A Plea From the GOP to the GOP
When I speak to friends and family about my concerns about the radicalization of the Republican Party I am often met with skepticism by moderate/centrist folk who imply that I am naïve about how the real nature of politics as practiced by everyone and outright hostility by conservatives who think that I am a partisan hack just trying to score points. While I admit to idealism, I do not think I am naïve and I have written about liberal political assaults in the past (part of the reason I supported Obama over Clinton in primary was lasting disgust over the Clinton’s own role in “the politics of personal destruction”). But it is partly that experience in politics that causes me to see genuine changes in political discourse—new lines being crossed, new tactics being deployed. So, for instance, I have written about how in the 1980s the Democratic Party and liberal interest groups injected something new and destructive into our politics when they “borked” Robert Bork’s nomination to the Supreme Court. And while I am now an Obama supporter, I have in the past supported Republicans, having twice voted for George W. Bush (one of the few Americans who liked his father less than him). My pro-life beliefs are strong and my revulsion at John Edwards’ character/demagoguery way before his sex scandal kept me voting for Bush even in 2004. I know many doubt it, but I am deep at heart a Lincoln Republican.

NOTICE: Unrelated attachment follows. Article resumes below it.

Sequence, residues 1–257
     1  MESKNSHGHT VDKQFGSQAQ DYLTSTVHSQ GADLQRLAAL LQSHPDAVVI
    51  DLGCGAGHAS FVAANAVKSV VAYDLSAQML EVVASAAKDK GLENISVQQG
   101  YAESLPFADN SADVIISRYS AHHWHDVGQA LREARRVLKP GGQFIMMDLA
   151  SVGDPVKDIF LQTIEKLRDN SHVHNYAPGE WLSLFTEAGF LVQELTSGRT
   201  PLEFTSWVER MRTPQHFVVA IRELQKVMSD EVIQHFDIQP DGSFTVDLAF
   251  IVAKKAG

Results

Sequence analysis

But if you do think that I am too naïve or biased, I have a new source for you to consider when thinking about whether or not the Republican Party of today is substantively different from politics of recent times. This man is neither naïve—he was a political operative for nearly thirty years and has scalding things to say about the Democratic Party—nor Democratic—he worked for the GOP for years and maintains serious reservations about Obama. So when Mike Lofgren writes about the uniqueness of the current Republican Party, he deserves a hearing. His article “Goobye to All That” is making waves and for good reason. The story of his decision to give up on the GOP deserves consideration from people of all political stripes. Here is a taste:
both parties are not rotten in quite the same way. The Democrats have their share of machine politicians, careerists, corporate bagmen, egomaniacs and kooks. Nothing, however, quite matches the modern GOP…It is not clear to me how many GOP officeholders believe this reactionary and paranoid claptrap. I would bet that most do not. But they cynically feed the worst instincts of their fearful and angry low-information political base with a nod and a wink. During the disgraceful circus of the "birther" issue, Republican politicians subtly stoked the fires of paranoia by being suggestively equivocal - "I take the president at his word" - while never unambiguously slapping down the myth. John Huntsman was the first major GOP figure forthrightly to refute the birther calumny - albeit after release of the birth certificate.